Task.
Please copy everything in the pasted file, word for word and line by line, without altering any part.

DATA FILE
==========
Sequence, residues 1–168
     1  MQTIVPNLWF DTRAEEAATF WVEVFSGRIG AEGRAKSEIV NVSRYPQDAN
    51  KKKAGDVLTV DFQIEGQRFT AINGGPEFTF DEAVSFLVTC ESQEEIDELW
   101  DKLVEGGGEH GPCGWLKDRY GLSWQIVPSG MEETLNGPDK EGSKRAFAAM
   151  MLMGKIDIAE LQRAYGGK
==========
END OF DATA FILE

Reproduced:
Sequence, residues 1–168
     1  MQTIVPNLWF DTRAEEAATF WVEVFSGRIG AEGRAKSEIV NVSRYPQDAN
    51  KKKAGDVLTV DFQIEGQRFT AINGGPEFTF DEAVSFLVTC ESQEEIDELW
   101  DKLVEGGGEH GPCGWLKDRY GLSWQIVPSG MEETLNGPDK EGSKRAFAAM
   151  MLMGKIDIAE LQRAYGGK